RM4.1b Murum hydro-electric dam launched

The RM4.1 billion Murum hydro-electric power dam, able to provide 944MW in power, was officially launched by Yang di-Pertua Negeri Abdul Taib Mahmud today.


The state government has said the dam, located 840km from Kuching, will provide power for a new development corridor in central Sarawak, dubbed the Sarawak Corridor of Renewable Energy (Score).

Present at today’s ceremony was Chief Minister Adenan Satem, Deputy Chief Minister Douglas Uggah Embas, Deputy Chief Minister James Jemut Masing, State Secretary Morshidi Abdul Ghani, Sarawak Energy Berhad (SEB) Chairman Hamed Sepawi and SEB CEO Torstein Dale Sjotveit.

The Murum dam is a SEB hydro energy development project under the Score programme.

It is the second project after the Batang Ai HEP project in Lubuk Antu some 30 years ago.

Its construction was carried out by the Three Gorges Development Company (M) Sdn Bhd in 2008.

The dam is a 100 per cent Sarawak state government-owned project. It has the world’s tallest steeped chute spillway, 141 metres high.

The Murum dam began commercial operations in December 2014 and was operating at full capacity by June this year.

In a statement today, the state government said the dam’s full operations came at a time when domestic electric tariffs for commercial and industrial users outside of the Score region had been lowered.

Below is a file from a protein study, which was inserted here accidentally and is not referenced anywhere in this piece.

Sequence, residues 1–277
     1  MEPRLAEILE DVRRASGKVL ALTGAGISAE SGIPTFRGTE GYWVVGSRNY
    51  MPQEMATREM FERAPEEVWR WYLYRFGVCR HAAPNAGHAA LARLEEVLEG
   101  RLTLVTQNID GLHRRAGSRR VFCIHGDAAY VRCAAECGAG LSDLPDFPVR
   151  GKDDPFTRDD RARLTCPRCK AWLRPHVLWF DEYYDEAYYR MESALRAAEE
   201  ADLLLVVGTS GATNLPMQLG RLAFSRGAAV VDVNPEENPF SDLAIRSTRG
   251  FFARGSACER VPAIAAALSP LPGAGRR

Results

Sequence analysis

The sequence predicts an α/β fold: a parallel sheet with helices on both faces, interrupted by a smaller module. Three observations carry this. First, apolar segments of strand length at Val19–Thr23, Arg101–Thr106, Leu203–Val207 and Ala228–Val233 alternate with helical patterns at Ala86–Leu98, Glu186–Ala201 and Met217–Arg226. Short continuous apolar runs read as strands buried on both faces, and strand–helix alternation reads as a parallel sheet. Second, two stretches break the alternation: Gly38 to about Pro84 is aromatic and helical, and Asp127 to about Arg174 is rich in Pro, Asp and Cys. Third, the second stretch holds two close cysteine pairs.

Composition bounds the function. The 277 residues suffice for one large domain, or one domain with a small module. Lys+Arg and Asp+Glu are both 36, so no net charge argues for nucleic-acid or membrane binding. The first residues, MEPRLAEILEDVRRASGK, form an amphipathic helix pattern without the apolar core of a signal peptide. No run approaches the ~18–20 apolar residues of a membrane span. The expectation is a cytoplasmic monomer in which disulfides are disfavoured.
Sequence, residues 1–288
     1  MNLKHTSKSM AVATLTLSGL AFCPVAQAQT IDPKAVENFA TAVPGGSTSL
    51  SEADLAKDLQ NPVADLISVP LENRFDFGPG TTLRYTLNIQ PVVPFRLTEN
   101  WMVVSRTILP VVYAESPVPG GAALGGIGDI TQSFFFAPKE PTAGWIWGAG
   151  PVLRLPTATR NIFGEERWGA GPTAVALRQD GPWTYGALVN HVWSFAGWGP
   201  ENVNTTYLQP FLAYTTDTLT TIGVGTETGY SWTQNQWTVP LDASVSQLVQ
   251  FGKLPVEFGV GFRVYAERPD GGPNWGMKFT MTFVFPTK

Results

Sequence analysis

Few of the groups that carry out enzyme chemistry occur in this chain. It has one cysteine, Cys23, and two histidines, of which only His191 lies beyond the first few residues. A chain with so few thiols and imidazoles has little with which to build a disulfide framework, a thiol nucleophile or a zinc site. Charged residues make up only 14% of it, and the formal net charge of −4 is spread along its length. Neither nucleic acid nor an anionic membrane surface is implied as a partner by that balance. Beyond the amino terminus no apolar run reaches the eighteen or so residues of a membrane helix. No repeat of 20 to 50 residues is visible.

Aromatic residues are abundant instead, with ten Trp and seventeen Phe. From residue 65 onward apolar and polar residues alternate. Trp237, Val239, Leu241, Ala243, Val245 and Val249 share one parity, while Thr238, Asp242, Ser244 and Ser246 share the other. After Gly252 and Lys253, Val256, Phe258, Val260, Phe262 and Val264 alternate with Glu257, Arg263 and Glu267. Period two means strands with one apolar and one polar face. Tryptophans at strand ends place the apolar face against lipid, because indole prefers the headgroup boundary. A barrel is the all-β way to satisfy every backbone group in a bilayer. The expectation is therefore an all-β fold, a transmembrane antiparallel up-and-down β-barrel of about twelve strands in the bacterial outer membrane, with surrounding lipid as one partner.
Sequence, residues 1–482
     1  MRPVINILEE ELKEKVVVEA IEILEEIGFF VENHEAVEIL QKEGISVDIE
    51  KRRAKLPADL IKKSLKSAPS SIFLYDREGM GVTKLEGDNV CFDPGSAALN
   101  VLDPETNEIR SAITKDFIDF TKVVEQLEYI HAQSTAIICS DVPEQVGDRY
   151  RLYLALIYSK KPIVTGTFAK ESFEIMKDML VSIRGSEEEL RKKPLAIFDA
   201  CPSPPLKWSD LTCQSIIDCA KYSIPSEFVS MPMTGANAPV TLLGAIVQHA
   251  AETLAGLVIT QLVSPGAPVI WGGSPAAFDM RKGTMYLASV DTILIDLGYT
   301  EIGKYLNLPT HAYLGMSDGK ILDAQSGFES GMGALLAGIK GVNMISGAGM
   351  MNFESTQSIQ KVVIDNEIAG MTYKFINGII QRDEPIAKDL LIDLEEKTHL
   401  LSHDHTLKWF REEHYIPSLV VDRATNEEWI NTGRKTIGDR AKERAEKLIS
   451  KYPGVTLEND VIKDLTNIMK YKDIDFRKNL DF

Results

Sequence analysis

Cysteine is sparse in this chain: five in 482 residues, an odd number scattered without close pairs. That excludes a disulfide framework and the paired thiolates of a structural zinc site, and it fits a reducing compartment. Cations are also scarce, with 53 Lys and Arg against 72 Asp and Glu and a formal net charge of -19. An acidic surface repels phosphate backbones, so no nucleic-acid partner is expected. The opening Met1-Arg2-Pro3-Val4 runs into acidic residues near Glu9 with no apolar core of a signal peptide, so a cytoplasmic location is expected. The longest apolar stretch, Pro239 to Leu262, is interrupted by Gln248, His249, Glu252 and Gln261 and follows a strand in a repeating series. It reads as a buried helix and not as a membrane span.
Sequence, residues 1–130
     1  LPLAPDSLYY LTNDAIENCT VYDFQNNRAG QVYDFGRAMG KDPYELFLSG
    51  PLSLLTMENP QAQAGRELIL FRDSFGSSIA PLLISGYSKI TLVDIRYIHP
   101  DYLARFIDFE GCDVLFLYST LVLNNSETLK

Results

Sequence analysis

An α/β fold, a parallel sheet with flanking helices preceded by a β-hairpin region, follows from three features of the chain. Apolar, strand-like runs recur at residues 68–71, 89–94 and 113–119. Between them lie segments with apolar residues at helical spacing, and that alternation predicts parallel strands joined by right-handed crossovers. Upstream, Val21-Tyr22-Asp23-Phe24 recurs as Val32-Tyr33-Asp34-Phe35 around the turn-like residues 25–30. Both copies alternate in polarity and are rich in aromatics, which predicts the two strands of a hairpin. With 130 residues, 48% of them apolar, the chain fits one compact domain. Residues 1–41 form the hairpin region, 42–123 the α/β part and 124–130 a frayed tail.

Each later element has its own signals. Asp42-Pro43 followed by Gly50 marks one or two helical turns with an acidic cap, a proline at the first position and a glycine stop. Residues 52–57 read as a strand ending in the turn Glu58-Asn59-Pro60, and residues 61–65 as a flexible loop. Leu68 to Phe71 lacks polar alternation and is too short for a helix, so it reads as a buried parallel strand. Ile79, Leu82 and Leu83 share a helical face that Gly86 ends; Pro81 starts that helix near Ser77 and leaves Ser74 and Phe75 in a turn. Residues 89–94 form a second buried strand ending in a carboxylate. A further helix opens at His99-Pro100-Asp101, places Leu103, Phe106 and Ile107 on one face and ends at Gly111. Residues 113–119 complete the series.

The state government said consumers enjoyed the lowest electricity rate nationwide and in the region.

Murum dam would also help Sarawak achieve a high-income level by 2030, the statement said.

About 2,500 people were involved in the construction of the mega-structure.

The water catchment was filled in September 2013, allowing the average annual energy output to be 5,925 gigawatt hours (GWH).

Much of the power will be utilised by industrial plants in Samalaju Industrial Park, located 60km northeast of Bintulu and in Mukah.

Since 2010, SEB has signed power purchase agreements (PPAs) with 14 firms, ranging from power-intensive industries and export-oriented manufacturing, with power demands exceeding 3,000MW.

SEB said Murum is expected to provide power to meet a third of Score’s needs, excluding power output from the Baku and Arang Batu Balingian Power Plant, which have yet to be fully constructed.

SEB said the dam’s construction followed the protocols set by the International Hydropower Association (IHA) and the International Commission on Large Dams (ICOLD).

The power company claimed these protocols reduced the social impact of population relocation.

Land rights activists and some members of the local community had resisted the construction of the dam.

The Murum HEP dam relocated some 1,500 Penans as well as the 18 Kenyah-Badeng families in Long Umpa village near Long Malim in Danum River, on the upper course of the Murum River.

Penan activists had held road blockades, demanding RM500,000 per family for loss of land and villages, 25 hectares to be allocated to each family, a forest area of 30,000 hectares, a 10 per cent royalty from the Murum dam and that all areas which are not submerged be declared as belonging to the Penans.

The state government rejected all their claims.

Activists have said the Murum dam is only the first of 12 mega dams that the Sarawak Government would build over the next 30 years.

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